The weekly Friday market in Ramsgate has some interesting stalls, the best of which is Sole Mates run by Stephen Kirkaldie purveyor of fresh fish, shellfish and a wide range of quality game. I've tried his springbok which is delightfully tender, wild boar - an earthier pork, and the more usual rabbit, pheasant and pigeon.
Rather cowardly I draw the line at crocodile - it just doesn't seem correct to eat something which in straight fisticuffs would tear me to shreds in under thirty seconds, along with the dangerous moral dilemma in the possibility of it having snacked on careless Zambezi swimmers.

Friday, April 14, 2006

Barrels of Fun

The first day of IOTA's heady combination of artshow and CAMRA beer festival was absolutely packed with a long line of eager participants waiting to gain entry.
I've not seen the place this busy since the sunny polaroid days of the seventies. Hence it's most evident as IOTA's most successful event ever, with most of the crowd not seen there before for any of the previous art events.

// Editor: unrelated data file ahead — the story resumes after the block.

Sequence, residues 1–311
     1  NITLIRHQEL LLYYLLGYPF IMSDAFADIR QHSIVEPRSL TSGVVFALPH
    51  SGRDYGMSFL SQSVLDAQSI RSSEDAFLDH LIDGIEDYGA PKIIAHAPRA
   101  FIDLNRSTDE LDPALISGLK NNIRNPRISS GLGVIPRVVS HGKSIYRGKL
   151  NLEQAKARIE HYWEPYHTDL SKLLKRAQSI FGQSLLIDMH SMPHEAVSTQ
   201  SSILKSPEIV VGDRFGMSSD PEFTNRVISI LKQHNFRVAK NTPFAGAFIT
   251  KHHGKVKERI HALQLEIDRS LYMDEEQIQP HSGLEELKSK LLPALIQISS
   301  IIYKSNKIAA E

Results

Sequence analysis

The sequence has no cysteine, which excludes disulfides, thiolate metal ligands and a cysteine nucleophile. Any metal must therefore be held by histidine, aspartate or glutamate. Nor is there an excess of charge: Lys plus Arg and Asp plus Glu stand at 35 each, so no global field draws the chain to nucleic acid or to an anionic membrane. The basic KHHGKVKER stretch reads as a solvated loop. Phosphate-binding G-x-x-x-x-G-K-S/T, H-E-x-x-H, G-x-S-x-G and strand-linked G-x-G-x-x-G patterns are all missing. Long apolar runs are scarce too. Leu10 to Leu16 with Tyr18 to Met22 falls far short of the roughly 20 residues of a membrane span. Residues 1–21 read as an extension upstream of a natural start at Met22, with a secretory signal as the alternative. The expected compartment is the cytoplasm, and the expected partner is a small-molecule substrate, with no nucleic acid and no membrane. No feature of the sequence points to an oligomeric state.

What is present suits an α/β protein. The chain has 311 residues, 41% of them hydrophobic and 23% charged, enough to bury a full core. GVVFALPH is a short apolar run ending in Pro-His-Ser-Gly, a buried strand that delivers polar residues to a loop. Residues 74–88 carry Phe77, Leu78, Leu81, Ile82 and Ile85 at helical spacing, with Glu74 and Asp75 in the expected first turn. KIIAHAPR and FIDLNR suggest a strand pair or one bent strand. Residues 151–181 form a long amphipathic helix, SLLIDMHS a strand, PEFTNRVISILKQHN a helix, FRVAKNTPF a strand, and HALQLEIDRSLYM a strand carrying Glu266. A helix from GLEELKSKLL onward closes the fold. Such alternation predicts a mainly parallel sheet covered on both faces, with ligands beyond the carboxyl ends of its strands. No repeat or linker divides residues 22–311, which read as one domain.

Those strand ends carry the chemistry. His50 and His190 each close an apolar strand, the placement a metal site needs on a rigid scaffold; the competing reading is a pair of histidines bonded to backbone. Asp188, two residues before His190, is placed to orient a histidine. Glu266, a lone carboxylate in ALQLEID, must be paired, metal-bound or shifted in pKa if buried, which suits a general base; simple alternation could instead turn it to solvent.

It's hard to tell why this might be, on one foot the shows they've put on have always been superb but on the other elbow none of those shows have been promoted as much as this one.
Can't help but wonder if this might be the start of a new direction for Philip "Berty" Oldfield, who having bravely struggled to keep IOTA open as a gallery might consider putting that to one side and converting it into a pub.
If you weren't there today don't panic as there's a second and final day tomorrow which will be open until every drop of beer has been drunk.

Thursday, April 13, 2006

Murphy's Law

One would be likely to assume the creation of religious icons in traditional styles was an art lost in the fog of time. Similar to most acts of assumption you'd be wrong as local artist Peter Murphy shows so keenly.
Not only has he undertaken important commissions for a number of churches, most notably Tewkesbury Abbey and St Mary Redcliffe in Bristol, but he's adapted his style to include more modern icons like Hendrix, Lennon and Bowie. These work well as art with an added healthy playfulness.